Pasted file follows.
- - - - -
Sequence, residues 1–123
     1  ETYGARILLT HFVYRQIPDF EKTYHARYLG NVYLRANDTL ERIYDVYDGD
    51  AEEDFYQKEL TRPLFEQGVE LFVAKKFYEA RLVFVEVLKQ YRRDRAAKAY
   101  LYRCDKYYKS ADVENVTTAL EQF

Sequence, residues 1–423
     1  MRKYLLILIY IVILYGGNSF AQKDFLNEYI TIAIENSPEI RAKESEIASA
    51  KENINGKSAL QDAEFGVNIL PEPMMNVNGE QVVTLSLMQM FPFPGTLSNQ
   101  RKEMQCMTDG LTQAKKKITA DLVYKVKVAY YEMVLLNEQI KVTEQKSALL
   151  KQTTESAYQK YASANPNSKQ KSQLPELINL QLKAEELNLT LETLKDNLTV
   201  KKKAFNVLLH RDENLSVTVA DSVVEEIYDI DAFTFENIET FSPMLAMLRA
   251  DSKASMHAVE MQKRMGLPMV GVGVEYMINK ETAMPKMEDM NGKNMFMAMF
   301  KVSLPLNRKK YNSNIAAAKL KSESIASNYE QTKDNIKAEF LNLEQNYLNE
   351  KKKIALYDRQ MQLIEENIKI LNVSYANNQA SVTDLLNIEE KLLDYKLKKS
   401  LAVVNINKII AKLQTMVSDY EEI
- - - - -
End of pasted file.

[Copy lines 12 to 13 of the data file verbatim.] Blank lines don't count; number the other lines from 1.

   301  KVSLPLNRKK YNSNIAAAKL KSESIASNYE QTKDNIKAEF LNLEQNYLNE
   351  KKKIALYDRQ MQLIEENIKI LNVSYANNQA SVTDLLNIEE KLLDYKLKKS